by Samuel Escobar
The 500th anniversary of Hispanic presence in the New World has ignited debate virtually everywhere.
"Church sponsored racism, the enslavement of the native inhabitants, and moral decadence were introduced into the hemisphere." This is what Christopher Columbus brought to the Americas in 1492, according to the Governing Board of the National Council of Churches in the U.S.A. In America, the magazine of the Jesuit order in the U.S., Roman Catholic historian James Muldoon has responded to the NCC's statement, saying that "(it) does deserve some serious attention because of the way in which it distorts the historical record, in order to justify its charge of collective guilt.
The 500th anniversary of Hispanic presence in the New World has ignited debate virtually everywhere. According to Uruguayan Methodist pastor Emilio Castro, general secretary of the World Council of Churches, "From a European perspective, a Te Deum could be called for; from the perspective of the oppressed people of the Americas, the survivors of the original inhabitants of those countries, it will be the occasion for a Requiem."
The Iberian conquest and evangelization of the Americas in the 16th century has frequently been perceived through a highly critical and even hostile lens. The vast amount of literature produced from this perspective has been called a "Black Legend" by the defenders of Spain and Portugal. Historian Charles Gibson said that "Here the term legend' is applied to the traditional literature that criticizes the people, history, and national character of Spain, in part for cruelty in the conquest of native America, and in part for bigotry, pride, hypocrisy, and other more or less undesirable attributes."
Evangelical missionaries to Latin America in the past were inclined to accept the Black Legend uncritically. In 1932 John A. Mackay, Presbyterian missionary to Peru, scholar, and ecumenical leader, published The Other Spanish Christ, a classic interpretation of the spiritual condition of Latin America, which included an extended study of 16th century Iberian evangelization. He was among the relatively few missionaries who were well acquainted with the history and culture of the Iberian nations because he had studied in Spain prior to going to Peru, where among other things, he was appointed to chair the philosophy department in the National University of San Marcos.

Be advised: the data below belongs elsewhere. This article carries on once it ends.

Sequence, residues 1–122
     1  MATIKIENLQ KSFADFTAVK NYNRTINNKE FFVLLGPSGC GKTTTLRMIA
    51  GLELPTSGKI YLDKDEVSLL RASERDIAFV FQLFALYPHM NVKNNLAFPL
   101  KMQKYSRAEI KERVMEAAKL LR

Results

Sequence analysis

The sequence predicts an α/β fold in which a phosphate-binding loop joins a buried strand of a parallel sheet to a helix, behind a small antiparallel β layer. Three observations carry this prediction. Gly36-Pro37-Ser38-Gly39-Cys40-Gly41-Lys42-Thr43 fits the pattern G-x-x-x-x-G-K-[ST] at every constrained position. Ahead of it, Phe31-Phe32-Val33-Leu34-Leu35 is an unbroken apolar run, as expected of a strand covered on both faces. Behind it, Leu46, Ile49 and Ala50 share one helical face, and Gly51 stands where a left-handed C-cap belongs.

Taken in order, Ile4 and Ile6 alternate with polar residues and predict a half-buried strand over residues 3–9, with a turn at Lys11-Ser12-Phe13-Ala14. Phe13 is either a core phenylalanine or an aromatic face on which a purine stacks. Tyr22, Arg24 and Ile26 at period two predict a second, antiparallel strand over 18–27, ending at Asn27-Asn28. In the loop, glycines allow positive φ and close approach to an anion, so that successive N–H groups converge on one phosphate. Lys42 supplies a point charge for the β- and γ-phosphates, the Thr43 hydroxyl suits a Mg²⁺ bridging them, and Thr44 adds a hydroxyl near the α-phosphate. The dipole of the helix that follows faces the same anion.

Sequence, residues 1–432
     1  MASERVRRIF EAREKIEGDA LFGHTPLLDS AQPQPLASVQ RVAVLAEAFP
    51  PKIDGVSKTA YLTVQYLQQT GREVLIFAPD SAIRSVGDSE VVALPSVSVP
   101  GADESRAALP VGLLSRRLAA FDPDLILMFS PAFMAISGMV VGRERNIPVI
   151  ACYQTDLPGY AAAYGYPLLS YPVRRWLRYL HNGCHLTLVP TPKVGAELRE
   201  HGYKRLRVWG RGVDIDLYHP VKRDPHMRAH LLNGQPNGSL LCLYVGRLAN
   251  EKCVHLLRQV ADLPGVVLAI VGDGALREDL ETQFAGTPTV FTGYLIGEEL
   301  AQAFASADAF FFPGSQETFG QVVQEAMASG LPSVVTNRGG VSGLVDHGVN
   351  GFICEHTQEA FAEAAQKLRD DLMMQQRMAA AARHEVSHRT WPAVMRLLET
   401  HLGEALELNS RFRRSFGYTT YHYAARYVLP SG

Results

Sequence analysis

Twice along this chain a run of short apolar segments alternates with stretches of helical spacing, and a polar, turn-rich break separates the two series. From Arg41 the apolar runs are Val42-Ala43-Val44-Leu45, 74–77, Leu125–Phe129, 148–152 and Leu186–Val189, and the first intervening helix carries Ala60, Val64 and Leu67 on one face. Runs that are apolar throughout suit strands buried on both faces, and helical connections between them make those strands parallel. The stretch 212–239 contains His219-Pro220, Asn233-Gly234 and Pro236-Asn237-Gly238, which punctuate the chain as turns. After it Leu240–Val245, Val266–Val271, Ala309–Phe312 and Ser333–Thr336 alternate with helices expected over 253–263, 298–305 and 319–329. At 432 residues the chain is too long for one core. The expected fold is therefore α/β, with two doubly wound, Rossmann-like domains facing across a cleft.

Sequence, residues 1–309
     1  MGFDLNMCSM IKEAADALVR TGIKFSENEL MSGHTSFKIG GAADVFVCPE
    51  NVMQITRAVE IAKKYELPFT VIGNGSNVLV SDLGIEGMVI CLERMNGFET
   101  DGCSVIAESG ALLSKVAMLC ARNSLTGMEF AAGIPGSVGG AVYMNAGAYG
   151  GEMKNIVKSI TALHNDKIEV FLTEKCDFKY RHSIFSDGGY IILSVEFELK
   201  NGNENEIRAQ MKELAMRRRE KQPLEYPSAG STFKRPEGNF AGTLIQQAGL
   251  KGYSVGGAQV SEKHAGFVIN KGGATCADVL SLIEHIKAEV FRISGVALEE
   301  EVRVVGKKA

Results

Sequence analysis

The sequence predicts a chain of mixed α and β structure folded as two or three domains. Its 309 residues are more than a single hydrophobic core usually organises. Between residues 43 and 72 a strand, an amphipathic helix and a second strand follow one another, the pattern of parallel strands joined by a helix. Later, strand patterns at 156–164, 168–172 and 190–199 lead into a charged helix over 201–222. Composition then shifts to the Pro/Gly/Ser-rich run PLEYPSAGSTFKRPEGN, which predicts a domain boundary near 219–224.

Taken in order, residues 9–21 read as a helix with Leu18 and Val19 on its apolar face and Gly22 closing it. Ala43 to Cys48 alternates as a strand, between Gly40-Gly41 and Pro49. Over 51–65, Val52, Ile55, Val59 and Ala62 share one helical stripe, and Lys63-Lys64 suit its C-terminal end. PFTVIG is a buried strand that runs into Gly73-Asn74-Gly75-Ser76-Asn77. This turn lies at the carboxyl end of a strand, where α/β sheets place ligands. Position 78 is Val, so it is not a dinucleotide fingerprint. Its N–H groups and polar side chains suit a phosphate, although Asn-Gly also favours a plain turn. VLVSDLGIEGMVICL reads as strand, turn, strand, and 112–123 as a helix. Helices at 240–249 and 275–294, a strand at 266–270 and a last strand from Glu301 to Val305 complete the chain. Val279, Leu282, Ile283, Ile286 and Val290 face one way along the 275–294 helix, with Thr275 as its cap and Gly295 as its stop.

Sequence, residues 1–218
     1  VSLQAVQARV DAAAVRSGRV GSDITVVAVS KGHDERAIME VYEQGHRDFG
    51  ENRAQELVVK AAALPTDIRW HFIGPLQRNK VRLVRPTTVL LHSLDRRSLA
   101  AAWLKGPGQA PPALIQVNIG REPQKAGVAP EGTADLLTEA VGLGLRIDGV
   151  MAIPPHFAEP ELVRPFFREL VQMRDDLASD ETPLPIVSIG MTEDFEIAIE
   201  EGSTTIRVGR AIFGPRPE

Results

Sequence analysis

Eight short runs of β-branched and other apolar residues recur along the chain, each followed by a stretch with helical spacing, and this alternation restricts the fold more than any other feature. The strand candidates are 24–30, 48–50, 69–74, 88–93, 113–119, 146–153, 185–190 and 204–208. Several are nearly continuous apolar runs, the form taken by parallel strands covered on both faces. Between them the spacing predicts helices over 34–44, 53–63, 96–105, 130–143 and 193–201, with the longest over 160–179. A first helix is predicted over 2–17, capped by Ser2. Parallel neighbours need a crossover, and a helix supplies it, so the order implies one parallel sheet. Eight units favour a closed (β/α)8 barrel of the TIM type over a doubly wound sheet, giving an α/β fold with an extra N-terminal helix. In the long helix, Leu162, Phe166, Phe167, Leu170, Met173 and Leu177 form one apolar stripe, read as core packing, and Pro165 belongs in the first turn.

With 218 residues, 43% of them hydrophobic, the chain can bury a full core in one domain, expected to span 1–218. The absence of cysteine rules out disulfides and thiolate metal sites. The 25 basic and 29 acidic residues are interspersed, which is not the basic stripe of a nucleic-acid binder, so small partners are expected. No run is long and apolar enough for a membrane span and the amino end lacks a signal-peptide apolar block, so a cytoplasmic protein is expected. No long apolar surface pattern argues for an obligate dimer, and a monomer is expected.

His more sympathetic work showed that, as in other historical events, post-1492 developments were a mixture of light and shadows. For instance, one of those who provided the bulk of the artillery against Spain in the 16th century was Bartolome de Las Casas (1474-1566), a Spanish Dominican priest. He wrote extensively and critically about the abuses of the conquistadores. Many others like him searched for missionary methods closer to the model of Jesus Christ than to that of the Crusaders.
In recent years historians have contributed an incredible amount of data about Catholic missions during the conquest and colonial domination that followed Columbus' arrival. Included are classic studies about missionary methods, such as those by Robert Ricard and Lewis Hanke, and more recent studies by Manuel Marzal and Pedro Borges. These works are filled with lessons for today's missionary.
Liberation theologians, such as Enrique Dussel, with their look at church history from the perspective of the poor, have emphasized the interaction of religious history with socioeconomic factors. However, in some cases the use of Marxist presuppositions and categories of analysis may end by offering a picture of history in which events like 16th-century evangelization appear as little more than the religious cover-up for military conquest and political domination.
Missionaries should be thankful for the flood of materials about missionary work from Spain and Portugal. Whether apologetic or controversial, such materials help to clarify our understanding of this important chapter in the history of missions. In 1979, following their assembly at Puebla, Mexico, Roman Catholic bishops sought to balance the record: "It is true that in its work of evangelization the Church had to bear the weight of its lapses, its acts of complicity with the earthly powers, its incomplete pastoral vision, and the destructive force of sin. But we must also recognize that evangelization, which makes Latin America a 'continent of hope,' has been far more powerful than the dark shadows that unfortunately accompanied it in the historical context through which it had to live.